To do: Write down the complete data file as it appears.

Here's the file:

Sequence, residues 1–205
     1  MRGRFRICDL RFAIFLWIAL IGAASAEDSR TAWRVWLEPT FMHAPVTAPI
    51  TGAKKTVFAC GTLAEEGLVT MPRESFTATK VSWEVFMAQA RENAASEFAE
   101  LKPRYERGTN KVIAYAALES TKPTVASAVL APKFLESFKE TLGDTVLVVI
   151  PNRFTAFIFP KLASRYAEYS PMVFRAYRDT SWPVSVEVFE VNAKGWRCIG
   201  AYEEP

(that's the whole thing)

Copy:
Sequence, residues 1–205
     1  MRGRFRICDL RFAIFLWIAL IGAASAEDSR TAWRVWLEPT FMHAPVTAPI
    51  TGAKKTVFAC GTLAEEGLVT MPRESFTATK VSWEVFMAQA RENAASEFAE
   101  LKPRYERGTN KVIAYAALES TKPTVASAVL APKFLESFKE TLGDTVLVVI
   151  PNRFTAFIFP KLASRYAEYS PMVFRAYRDT SWPVSVEVFE VNAKGWRCIG
   201  AYEEP